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Game of Thrones live streams: Twitter to suspend Periscope users that broadcast copyrighted content

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Emilia Clarke plays Daenerys Targaryen in Game of Thrones

Emilia Clarke plays Daenerys Targaryen in Game of Thrones

Game of Thrones

Game of Thrones

Kit Harington plays Jon Snow in the fifth series of Game Of Thrones

Kit Harington plays Jon Snow in the fifth series of Game Of Thrones

Game of Thrones

Game of Thrones

Prime Minister David Cameron during a visit to the Titanic Studios in Belfast, where they saw the film sets for the TV drama Game of Thrones. Photo: Stefan Rousseau

Prime Minister David Cameron during a visit to the Titanic Studios in Belfast, where they saw the film sets for the TV drama Game of Thrones. Photo: Stefan Rousseau

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Dramatic scenes from Game of Thrones

Dramatic scenes from Game of Thrones

A scene from season five of Game of Thrones and Lena Headey as Queen Cersei Lannister

A scene from season five of Game of Thrones and Lena Headey as Queen Cersei Lannister

Lauren Taylor as Daenerys Targaryen from Game of Thrones

Lauren Taylor as Daenerys Targaryen from Game of Thrones

Lena Headey in Game of Thrones

Lena Headey in Game of Thrones

Game of Thrones is made at Titanic Studios in Belfast

Game of Thrones is made at Titanic Studios in Belfast

A cast member on Portstewart Strand after it was closed to facilitate filming for Game of Thrones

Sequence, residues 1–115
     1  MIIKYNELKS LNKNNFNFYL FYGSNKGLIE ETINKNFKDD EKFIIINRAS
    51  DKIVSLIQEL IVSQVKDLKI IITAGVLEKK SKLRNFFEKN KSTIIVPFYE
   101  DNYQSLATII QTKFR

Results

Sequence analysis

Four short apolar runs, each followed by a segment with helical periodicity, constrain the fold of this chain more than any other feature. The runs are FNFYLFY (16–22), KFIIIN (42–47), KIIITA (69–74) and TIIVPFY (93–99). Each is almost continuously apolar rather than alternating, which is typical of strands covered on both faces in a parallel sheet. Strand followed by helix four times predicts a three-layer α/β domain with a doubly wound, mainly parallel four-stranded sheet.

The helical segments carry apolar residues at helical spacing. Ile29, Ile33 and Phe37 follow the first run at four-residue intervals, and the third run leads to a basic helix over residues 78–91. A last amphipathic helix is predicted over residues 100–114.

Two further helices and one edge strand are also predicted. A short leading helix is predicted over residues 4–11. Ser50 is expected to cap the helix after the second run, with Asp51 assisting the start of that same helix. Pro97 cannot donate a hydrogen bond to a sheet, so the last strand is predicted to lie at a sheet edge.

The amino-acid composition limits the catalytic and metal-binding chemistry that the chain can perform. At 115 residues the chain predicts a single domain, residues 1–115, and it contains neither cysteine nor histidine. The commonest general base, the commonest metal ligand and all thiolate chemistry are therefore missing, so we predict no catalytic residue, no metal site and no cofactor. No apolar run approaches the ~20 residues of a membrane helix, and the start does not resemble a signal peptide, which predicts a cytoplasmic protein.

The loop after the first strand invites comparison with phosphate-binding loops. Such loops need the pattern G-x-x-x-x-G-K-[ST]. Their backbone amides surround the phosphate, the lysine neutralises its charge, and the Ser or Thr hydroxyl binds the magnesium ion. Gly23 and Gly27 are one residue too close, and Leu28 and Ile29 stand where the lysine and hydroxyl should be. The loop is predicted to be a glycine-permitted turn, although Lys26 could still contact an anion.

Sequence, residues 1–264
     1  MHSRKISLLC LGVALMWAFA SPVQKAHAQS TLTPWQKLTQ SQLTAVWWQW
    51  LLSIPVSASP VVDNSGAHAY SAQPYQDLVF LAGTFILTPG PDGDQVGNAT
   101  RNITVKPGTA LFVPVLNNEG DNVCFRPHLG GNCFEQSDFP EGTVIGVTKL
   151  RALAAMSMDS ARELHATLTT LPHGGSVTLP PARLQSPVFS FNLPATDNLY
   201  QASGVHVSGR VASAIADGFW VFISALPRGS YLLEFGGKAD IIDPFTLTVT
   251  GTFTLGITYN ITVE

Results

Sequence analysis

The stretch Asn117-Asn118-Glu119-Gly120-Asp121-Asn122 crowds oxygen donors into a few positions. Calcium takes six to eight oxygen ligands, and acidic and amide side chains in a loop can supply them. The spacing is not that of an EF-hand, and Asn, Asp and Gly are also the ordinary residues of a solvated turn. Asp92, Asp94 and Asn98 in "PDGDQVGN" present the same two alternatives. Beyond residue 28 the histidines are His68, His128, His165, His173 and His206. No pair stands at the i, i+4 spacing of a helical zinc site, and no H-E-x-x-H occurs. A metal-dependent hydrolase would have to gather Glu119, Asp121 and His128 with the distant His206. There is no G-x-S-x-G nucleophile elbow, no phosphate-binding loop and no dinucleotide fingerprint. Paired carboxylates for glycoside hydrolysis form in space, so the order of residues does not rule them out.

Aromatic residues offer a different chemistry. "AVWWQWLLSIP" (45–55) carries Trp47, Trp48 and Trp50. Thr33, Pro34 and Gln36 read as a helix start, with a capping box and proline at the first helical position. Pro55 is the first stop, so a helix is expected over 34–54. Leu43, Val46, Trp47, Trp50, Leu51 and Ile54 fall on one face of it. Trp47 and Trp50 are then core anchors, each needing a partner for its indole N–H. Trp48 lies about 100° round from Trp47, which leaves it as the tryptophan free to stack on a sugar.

A cast member on Portstewart Strand after it was closed to facilitate filming for Game of Thrones

The crew on the beach

The crew on the beach

Crowds try and get the best vantage point on the dunes to see the TV show being filmed

Crowds try and get the best vantage point on the dunes to see the TV show being filmed

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Emilia Clarke plays Daenerys Targaryen in Game of Thrones

Twitter could suspend the accounts of those people that used Periscope to livestream the premiere of Game of Thrones or any other copyrighted content, it has said.

Dozens of livestreams were launched to allow people who didn’t have access to the channels that are showing the programme — Sky Atlantic in the UK — to see it. But those that did so could have their accounts terminated.

Most of the livestreams were low quality, and filmed using cameras pointed at TVs in people’s living rooms. But they represented the first way to watch the programme without the necessary subscriptions, before torrents and other illegally acquired copies of the film were uploaded online.

A source close to Periscope told Mashable Australia "anyone who violates the terms of service will be suspended or shut down."

Companies that own video content are mostly treating Periscope as they would any other live feed, considering it a way of violating their copyright.

But copies of the first four episodes of the programme are already up online, after they were leaked ahead of the premiere.

The restrictions also include filming things live that Periscopers don’t own the rights to. Filming Premier League football matches, even if you are at the game, constitutes as much of a breach of the copyright of those that are showing the match as if people broadcast a feed over the internet. The same is true of filming concerts using the app.

Twitter-owned Periscope launched last month as a way of sending out live video, using a phone's camera to broadcast over the internet.

Source: Independent

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